Light-emitting diodes have been around for 50 years, but they have only developed to the point of being suitable for general-purpose lighting in the last 10. The field is undergoing rapid evolution mapped by the LED equivalent of Moore's Law.
This is Haitz's Law, and it states that in every decade, the cost per lumen (unit of useful light emitted) falls by a factor of 10, and the amount of light generated per LED package increases by a factor of 20 for a given wavelength of light.
If LEDs are to be used as a source for lighting, more is involved than the LED dice themselves. An LED-powered lamp or luminaire (i.e., fixture) requires phosphors, optics, a heat sink for thermal management, and driver electronics, as well as packaging for all of these parts. The worldwide switchover to LED lighting, replacing the woefully inefficient incandescent technology, is driving rapid improvements in all of these areas. Prices for LED lighting products, once astronomical, are falling into the range of feasibility.
Essentially all of the LEDs used in lighting are based on the semiconductor gallium nitride, GaN. This is bonded to a substrate, which in the majority of LEDs today is either sapphire or silicon carbide. Other substrates are under development, as we'll see below.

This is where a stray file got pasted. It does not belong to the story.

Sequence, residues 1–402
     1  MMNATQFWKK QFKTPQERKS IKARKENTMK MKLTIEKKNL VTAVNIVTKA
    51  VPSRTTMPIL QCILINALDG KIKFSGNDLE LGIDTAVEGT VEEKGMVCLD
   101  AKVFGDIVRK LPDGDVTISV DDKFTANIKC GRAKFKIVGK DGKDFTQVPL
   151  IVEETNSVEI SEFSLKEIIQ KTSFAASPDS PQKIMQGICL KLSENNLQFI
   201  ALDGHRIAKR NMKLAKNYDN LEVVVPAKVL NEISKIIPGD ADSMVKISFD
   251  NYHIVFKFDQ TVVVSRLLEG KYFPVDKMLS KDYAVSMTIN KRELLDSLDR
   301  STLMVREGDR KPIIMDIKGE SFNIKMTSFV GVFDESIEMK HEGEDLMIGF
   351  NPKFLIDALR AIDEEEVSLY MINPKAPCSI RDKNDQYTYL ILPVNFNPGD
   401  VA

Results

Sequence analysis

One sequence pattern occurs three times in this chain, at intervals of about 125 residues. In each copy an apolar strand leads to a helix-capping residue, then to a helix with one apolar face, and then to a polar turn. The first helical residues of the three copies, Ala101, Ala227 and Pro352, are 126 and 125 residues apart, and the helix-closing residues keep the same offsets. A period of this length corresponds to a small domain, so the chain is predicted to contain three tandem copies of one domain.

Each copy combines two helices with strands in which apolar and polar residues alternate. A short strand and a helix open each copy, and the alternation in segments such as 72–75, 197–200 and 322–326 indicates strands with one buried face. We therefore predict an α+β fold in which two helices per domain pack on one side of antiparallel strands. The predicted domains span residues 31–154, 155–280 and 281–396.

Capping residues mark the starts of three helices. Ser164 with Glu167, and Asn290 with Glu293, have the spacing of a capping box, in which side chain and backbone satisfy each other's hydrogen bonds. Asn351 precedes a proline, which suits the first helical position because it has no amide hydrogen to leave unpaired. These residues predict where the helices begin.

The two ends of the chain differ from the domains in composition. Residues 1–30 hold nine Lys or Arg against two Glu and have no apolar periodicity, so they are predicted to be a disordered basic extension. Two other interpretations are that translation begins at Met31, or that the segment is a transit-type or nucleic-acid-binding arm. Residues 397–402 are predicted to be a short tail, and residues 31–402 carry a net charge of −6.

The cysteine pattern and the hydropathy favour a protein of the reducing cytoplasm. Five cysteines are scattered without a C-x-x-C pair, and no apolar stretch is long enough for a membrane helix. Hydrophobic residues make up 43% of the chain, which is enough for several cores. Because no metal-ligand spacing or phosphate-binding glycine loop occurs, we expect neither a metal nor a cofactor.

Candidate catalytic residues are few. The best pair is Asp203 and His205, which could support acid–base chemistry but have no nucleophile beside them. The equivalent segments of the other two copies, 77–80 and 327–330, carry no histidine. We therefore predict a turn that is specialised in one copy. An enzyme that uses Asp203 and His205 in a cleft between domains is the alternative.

LEDs are inherently more versatile and potentially far more efficient than any other light source yet devised. An incandescent filament source has a "luminous efficacy" of around 15 lumens of light for every Watt of electricity input. The rest is wasted as heat. Fluorescents typically run in the range from 45 to 75 lm/W. Metal halide achieves up to 115 lm/W and high-pressure sodium up to 150 lm/W. LEDs can theoretically achieve a maximum of between 260 and 300 lm/W. Current commercial examples run in the high 100s, and the numbers are rising every year.
All LEDs produce heat, but they don't radiate it out the front with the light. They accumulate it at the p-n junction, and the heat has to be removed if an LED is to achieve its designed lifetime. This is accomplished with the aid of a heat sink and a known thermal path to ambient.
LEDs produce light in proportion to the current flowing through them, and most are fed by a DC power supply and a driver circuit that holds the current constant. Early experimentation with driving LEDs directly from AC line current has matured, and AC drivers for LEDs, with their simpler circuitry and lower component count, are claiming a place at the table.
The versatility of LEDs leads to explorations of what they can do for us besides producing white light. Our understanding of the effects of light on humans (and other living things) is increasing rapidly. LED lighting is being asked to contribute to human health, well-being, alertness, attention, the food supply, and more.